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The New York Times recently had a scare piece about a new generation of robots come to take our jobs. More agile, more precise, more flexible, more capable… they will deindustrialize America!

But I saw this and thought, “when do I get one?” It’s as if these people have never seen Thingiverse, or a Reprap, or contemplated a self-replicating robot. Apparently they haven’t.

Perhaps these robots are far more revolutionary than they realize.

Source

Posted by: John Stoner | Monday August 27th, 2012 12:17 PM

Bio: John is a software developer in Chicago. He's interested in repraps and ideas for new currencies.

Categories: Robotics | Comments

Comments

  1. I thought it was predictable that the article would concentrate on job loss in a manner that thinks that people displaced from one industry because of automation just sit around with nothing to do. The job I initially trained for 30 years ago does not exist today. I am not unemployed because I adapted to the new technology and am better for it. So is the industry I work in.

    In the future, every boring, repetitive, and dangerous job out there will eventually be designed out of the system, or be done automatically. You can count on it.

    I think the U.S. has an advantage in this regard, because societies with large populations of unskilled workers will be less likely to replace these ‘cheap’ workers with ‘expensive’ automation, and they will have less people to understand these systems.

    The U.S. will need a workforce that is very well skilled in critical-thinking, problem-solving, engineering, computer software and hardware. This will require the increased enrollment in ‘hard sciences’ in high-school and college. The robotics programs available (FIRST, BostIQ, etc…) are a good start to get middle and high school aged kids comfortable with these concepts.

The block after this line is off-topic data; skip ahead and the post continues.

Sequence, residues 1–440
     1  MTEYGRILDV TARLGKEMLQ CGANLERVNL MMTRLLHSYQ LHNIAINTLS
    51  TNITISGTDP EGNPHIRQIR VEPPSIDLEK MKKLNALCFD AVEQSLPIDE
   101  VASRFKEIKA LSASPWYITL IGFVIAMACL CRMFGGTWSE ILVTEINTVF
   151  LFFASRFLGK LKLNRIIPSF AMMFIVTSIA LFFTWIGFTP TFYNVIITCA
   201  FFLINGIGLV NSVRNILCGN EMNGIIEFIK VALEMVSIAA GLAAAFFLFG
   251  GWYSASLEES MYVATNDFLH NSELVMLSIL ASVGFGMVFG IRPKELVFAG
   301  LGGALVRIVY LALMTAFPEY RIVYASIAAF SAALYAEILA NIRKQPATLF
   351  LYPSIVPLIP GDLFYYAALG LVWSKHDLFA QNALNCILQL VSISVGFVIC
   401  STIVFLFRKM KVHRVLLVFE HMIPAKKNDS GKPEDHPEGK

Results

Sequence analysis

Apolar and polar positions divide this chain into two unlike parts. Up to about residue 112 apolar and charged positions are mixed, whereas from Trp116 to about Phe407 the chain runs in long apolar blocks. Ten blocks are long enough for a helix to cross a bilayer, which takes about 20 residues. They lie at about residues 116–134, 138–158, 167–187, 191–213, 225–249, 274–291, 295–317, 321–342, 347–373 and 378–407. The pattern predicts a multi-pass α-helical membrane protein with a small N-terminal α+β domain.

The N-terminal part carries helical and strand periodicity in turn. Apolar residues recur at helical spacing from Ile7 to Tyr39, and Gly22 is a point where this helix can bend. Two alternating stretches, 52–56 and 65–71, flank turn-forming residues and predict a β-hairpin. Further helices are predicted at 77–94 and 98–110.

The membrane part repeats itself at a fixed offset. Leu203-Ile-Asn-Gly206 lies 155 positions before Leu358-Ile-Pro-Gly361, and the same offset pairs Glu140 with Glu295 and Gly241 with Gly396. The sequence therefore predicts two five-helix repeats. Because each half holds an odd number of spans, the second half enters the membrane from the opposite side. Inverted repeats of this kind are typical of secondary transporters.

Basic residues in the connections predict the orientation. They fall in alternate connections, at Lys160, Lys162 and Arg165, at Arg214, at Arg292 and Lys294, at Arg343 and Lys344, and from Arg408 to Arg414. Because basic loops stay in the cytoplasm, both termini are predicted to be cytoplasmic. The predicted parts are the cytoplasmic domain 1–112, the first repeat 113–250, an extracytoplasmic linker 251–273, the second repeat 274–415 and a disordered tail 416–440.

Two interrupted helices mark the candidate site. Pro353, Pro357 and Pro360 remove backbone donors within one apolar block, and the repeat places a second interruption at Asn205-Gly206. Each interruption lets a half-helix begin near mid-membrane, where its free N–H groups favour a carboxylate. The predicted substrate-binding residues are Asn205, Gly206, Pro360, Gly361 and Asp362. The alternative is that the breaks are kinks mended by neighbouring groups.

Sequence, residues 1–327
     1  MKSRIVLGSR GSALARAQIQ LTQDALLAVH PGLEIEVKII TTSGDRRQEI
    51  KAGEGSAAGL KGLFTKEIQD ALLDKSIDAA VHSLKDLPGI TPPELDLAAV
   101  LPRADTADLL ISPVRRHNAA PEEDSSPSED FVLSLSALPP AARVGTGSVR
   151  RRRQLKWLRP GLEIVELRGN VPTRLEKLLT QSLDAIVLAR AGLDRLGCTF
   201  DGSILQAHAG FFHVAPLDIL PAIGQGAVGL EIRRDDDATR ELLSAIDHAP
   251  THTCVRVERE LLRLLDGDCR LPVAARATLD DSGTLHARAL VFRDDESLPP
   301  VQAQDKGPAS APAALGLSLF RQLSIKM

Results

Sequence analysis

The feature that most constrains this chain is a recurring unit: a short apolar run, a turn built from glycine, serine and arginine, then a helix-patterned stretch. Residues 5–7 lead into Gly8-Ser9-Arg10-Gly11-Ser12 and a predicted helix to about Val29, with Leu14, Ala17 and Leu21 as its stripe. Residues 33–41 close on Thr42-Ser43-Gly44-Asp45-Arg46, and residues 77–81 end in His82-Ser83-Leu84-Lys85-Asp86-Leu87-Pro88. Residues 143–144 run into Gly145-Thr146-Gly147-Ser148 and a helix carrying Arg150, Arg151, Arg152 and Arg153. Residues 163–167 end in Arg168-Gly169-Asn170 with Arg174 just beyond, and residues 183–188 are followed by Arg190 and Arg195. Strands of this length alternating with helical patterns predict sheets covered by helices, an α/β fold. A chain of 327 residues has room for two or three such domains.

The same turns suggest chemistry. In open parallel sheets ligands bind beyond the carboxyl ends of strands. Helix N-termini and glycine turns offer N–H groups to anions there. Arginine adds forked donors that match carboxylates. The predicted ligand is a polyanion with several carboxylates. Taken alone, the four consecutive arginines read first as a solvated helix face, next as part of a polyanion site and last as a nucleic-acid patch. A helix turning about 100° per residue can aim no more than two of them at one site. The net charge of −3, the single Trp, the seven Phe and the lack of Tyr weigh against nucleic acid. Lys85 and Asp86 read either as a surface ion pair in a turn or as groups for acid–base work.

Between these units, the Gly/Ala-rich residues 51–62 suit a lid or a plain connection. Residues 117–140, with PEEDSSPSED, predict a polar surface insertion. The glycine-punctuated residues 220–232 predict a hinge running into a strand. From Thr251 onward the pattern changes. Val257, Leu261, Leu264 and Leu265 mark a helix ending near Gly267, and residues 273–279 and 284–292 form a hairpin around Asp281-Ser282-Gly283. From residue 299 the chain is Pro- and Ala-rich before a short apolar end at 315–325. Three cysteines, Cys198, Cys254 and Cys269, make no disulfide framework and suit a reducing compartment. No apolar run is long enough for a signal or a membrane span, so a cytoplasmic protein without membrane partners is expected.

Allowing businesses to depreciate these automated systems quickly will also help their quick adoption. Remember that the U.S. has never been a country that was satisfied with commodity (low value) production. I can see individuals adapting this technology to everything from cow milking to cake decorating.

  2. I just wish as a parent who is (sadly) not a ‘maker’ and can barely check email, that instead of grabbing headlines and soundbites to stir controversy, real journalists would do their job, which is report on innovation, opportunity, and ideas that have potential to change lives. The school board who actively supports robotics as well as the mind-numbing rubric that are the state standards will be ahead of the curve in terms of meeting the needs of the future. But just like school gardens, which are not supported until mandated,robotics are mentioned in passing as a ‘club- if that’s your thing’. The politicians at the school board, running the meetings seem to be influenced by big business -just as the water board and every other political board has always been.

    1. Barks says:

      The politicians at the school board are not influenced, but controlled, by the teachers unions. Start there if you wish to change the emphasis of the government schools. Some enlightened schools do teach robotics, but it takes knowledgeable teachers.

  3. ameyring says:

    I’m a Union member and I can understand how people in the Unions can be scared of automation taking away jobs. People need to adapt to changing technology and learn to work with it, and that’s part of life. We didn’t go to college or trade school to do the same thing over and over again – we learned new things and work is about learning new things as well. Workplaces also have to play a role by providing quality training – many times employees get stuck with crappy training when equipment is installed. Everybody’s brains work differently in absorbing info. Investment in better training for consistency is important.

  4. dan says:

    machines don’t take jobs in america they make them. somebody has to run and maintain them and they make manufacturing affordable which keeps buisness profitable. without gizmos that either make things cheaper or make the impossible possible jobs get outsourced. that’s reality.

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